Who or what are Gog and Magog?

Gog and Magog are two names in the Bible that refer either to a person, Magog the grandson of Noah (Genesis 10), or Magog, the person that comes from the nation of Gog (Ezekiel 38—39), or to two hostile nations referred to as Gog and Magog (Revelation 20:7-8). It seems that these names were originally the names of concrete people and places, but came to represent Gentile nations that are hostile to the nation of Israel.

The name Magog was first and foremost the name of one of Noah's grandsons. Magog was a son of Japheth, whose descendants migrated north of Israel, probably settling in Europe and Northern Asia. Because of this, some have postulated that Gog and Magog refer to Russia (Gog) and a ruler of Russia (Magog) who will come against Israel in the end times. This is speculation, based both on the ancestry of the Russian people, and the fact that they are the only powerful nation directly to the north of Israel (Ezekiel 38:15). This view is supported by biblical scholars and was popularized during the Cold War, but in the end it is still speculation based on inferences drawn from Scripture.

The battle of Gog and Magog that is described in Ezekiel comes during a time of peace for Israel. This is thought to be during the time when Israel has made a pact with the Antichrist, during the first 3 ½ years of the tribulation (Ezekiel 38:8-9, 14-15; Daniel 9:27a). Ezekiel prophesied that a mighty nation from the North would come against Israel and that God would utterly defeat them, to show His power and to show Israel's enemies that He was their God and would protect them (Ezekiel 39:1-7).

The Gog and Magog referred to in Revelation, however, is not one nation but represents hostile nations from all over the world that Satan stirs up to rebel against God after the 1,000 years of peace during the millennial kingdom. They will come against and surround the city of God, but their defeat will be swift and Satan consequently will be thrown into the lake of fire and defeated. This will occur just before the Great White Throne judgment, also spoken of in Revelation (Revelation 20:7-11).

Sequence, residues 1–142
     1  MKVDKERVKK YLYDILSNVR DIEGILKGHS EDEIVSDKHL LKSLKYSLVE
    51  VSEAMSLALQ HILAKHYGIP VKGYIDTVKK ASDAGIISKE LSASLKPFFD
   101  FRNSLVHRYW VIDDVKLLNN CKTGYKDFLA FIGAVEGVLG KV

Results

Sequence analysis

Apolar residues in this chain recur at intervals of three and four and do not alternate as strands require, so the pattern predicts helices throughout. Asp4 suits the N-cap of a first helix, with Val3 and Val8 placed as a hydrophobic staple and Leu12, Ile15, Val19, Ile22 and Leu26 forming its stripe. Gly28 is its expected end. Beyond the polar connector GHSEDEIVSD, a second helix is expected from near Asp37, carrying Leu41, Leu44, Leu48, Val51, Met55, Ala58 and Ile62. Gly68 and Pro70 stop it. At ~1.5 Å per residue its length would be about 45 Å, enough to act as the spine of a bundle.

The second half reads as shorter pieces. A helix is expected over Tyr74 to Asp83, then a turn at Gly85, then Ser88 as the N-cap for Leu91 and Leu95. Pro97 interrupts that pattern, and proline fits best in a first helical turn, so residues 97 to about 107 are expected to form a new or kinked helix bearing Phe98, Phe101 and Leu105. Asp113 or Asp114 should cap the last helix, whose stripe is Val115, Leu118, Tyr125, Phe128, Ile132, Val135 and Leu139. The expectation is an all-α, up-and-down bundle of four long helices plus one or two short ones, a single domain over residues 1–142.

Many prophecies in the Bible are fulfilled once during human history and then again during the millennial kingdom. It is possible that the Revelation account refers to the antagonist in this millennial battle as "Gog and Magog" because of the similarities between the two battles. In the Ezekiel account, Gog and Magog have evil thoughts against Israel (Ezekiel 38:10-11), they surround Israel with great power and enlist the help of allies from other nations (38:9), and they are eventually destroyed by God Himself (39:5). The same three details are apparent in the battle described in the Revelation account. Gog and Magog are deceived by Satan and follow him into battle (Revelation 20:7-8), they are a great number that includes many nations (20:8), and are eventually destroyed by God Himself (20:9).

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